Hoop skirt
Hoop Hoop, n. [OE. hope; akin to D. hoep, hoepel.] 1. A pliant strip of wood or metal bent in a circular form, and united at the ends, for holding together the staves of casks, tubs, etc. [1913 Webster]

2. A ring; a circular band; anything resembling a hoop, as the cylinder (cheese hoop) in which the curd is pressed in making cheese. [1913 Webster]

3. A circle, or combination of circles, of thin whalebone, metal, or other elastic material, used for expanding the skirts of ladies' dresses; crinoline; -- used chiefly in the plural. [1913 Webster]

Though stiff with hoops, and armed with ribs of whale. --Pope. [1913 Webster]

4. A quart pot; -- so called because originally bound with hoops, like a barrel. Also, a portion of the contents measured by the distance between the hoops. [Obs.] [1913 Webster]

5. An old measure of capacity, variously estimated at from one to four pecks. [Eng.] --Halliwell. [1913 Webster]

{Bulge hoop}, {Chine hoop}, {Quarter hoop}, the hoop nearest the middle of a cask, that nearest the end, and the intermediate hoop between these two, respectively.

{Flat hoop}, a wooden hoop dressed flat on both sides.

{Half-round hoop}, a wooden hoop left rounding and undressed on the outside.

{Hoop iron}, iron in thin narrow strips, used for making hoops.

{Hoop lock}, the fastening for uniting the ends of wooden hoops by notching and interlocking them.

{Hoop skirt}, a framework of hoops for expanding the skirts of a woman's dress; -- called also {hoop petticoat}.

{Hoop snake} (Zo["o]l.), a harmless snake of the Southern United States ({Abaster erythrogrammus}); -- so called from the mistaken notion that it curves itself into a hoop, taking its tail into its mouth, and rolls along with great velocity.

{Hoop tree} (Bot.), a small West Indian tree ({Melia sempervirens}), of the Mahogany family. [1913 Webster]


The Collaborative International Dictionary of English. 2000.

Look at other dictionaries:

  • hoop skirt — hoop′ skirt n. 1) clo a framework of flexible, usu. horizontal hoops worn under a woman s full skirt to make it stand out 2) clo a full skirt suitable for wearing over this • Etymology: 1855–60, amer …   From formal English to slang

  • hoop skirt — ☆ hoop skirt n. a skirt worn over a framework of hoops that makes the skirt spread out …   English World dictionary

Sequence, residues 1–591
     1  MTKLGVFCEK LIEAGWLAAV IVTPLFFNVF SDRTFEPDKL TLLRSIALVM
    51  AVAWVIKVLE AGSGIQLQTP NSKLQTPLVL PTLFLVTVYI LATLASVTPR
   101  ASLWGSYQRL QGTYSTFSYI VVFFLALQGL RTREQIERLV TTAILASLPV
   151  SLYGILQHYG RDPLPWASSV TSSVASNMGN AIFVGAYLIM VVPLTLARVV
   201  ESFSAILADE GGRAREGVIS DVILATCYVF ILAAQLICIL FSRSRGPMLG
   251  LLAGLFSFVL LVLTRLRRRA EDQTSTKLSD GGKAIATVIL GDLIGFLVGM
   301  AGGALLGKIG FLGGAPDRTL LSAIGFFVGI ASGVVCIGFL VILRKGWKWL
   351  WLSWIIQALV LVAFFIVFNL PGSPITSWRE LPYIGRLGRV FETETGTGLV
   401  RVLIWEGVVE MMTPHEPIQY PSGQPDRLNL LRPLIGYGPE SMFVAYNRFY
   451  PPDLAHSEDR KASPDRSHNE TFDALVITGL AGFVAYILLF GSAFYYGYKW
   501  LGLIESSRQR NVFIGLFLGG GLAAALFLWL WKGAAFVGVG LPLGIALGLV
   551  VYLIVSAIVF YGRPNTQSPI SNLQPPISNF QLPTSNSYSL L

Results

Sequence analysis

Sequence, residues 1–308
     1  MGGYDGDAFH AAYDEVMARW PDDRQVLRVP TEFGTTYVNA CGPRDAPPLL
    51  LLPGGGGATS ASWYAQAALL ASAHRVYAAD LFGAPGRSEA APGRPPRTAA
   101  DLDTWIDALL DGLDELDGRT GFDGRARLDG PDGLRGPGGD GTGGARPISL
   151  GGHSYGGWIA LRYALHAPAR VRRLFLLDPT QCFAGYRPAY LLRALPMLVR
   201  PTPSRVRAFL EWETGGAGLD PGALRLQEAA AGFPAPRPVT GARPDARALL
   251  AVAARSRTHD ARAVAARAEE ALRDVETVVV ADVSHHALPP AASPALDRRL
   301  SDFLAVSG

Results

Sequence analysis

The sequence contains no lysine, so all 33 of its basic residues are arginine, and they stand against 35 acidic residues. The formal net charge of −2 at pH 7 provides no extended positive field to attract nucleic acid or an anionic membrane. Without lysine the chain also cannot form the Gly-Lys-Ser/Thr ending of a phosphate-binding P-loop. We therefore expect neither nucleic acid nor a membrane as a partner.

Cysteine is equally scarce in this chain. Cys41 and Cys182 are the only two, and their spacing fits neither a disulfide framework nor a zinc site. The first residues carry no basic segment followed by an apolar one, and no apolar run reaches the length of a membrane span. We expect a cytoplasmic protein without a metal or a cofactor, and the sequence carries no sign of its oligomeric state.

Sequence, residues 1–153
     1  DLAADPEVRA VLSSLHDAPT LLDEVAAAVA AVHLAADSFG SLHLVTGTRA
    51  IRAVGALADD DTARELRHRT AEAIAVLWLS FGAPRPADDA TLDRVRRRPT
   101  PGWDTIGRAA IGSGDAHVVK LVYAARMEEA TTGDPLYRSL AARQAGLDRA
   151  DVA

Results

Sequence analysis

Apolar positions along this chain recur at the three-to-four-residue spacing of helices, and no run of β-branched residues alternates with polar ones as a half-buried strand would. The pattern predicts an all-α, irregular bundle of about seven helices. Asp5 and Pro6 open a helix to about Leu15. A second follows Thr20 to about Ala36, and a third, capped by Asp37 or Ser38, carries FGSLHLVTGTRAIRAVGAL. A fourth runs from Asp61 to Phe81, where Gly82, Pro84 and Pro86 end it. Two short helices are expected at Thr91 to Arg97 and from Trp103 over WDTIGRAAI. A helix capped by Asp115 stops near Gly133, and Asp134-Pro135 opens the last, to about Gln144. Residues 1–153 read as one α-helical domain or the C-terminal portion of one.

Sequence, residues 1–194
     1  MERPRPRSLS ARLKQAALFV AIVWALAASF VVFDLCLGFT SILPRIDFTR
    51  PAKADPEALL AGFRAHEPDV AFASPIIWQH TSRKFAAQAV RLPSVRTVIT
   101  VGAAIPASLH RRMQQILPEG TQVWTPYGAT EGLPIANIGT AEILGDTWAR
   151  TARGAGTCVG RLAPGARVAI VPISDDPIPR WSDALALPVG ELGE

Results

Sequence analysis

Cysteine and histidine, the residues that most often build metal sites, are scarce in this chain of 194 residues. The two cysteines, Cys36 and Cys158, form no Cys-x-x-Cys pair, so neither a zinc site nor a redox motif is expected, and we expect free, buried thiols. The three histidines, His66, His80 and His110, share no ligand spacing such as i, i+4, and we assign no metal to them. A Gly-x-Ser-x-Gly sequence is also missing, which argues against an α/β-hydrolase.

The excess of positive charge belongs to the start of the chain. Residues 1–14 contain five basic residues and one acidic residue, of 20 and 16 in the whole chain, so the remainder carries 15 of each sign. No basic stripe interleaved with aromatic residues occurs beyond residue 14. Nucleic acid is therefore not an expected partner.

• hoop skirt — 1. a woman s skirt made to stand out and drape in a stiff bell like shape from the waist by an undergarment framework of flexible hoops connected by tapes. 2. the framework for such a skirt. Also called hoop. [1855 60, Amer.] * * * hoop skirt, 1 …   Useful english dictionary

  • Hoop skirt — A hoop skirt or hoopskirt is a women s undergarment worn in various periods to hold the skirt extended into a fashionable shape.Hoop skirts typically consist of a fabric petticoat with casings to hold a stiffening material, variously rope, osiers …   Wikipedia

  • hoop skirt — 1. a woman s skirt made to stand out and drape in a stiff bell like shape from the waist by an undergarment framework of flexible hoops connected by tapes. 2. the framework for such a skirt. Also called hoop. [1855 60, Amer.] * * * ▪ clothing… …   Universalium

  • hoop skirt — petticoat that has a rigid hoop in it and causes a skirt to fall in a bell like shape …   English contemporary dictionary

  • hoop-skirt — n. Hoop, farthingale, crinoline, hoop petticoat …   New dictionary of synonyms

  • hoop skirt — /hup ˈskɜt/ (say hoohp skert) noun 1. a woman s skirt, made to stand out from the waist by an undergarment of flexible hoops connected by tapes. 2. the framework for such a skirt …   Australian English dictionary

  • hoop skirt — noun A womens undergarment worn in various historical periods to hold the skirt extended into a fashionable shape, typically consisting of a fabric petticoat with casings to hold a stiffening material, variously rope, osiers, whalebone, steel, or …   Wiktionary

  • Hoop — Hoop, n. [OE. hope; akin to D. hoep, hoepel.] 1. A pliant strip of wood or metal bent in a circular form, and united at the ends, for holding together the staves of casks, tubs, etc. [1913 Webster] 2. A ring; a circular band; anything resembling… …   The Collaborative International Dictionary of English

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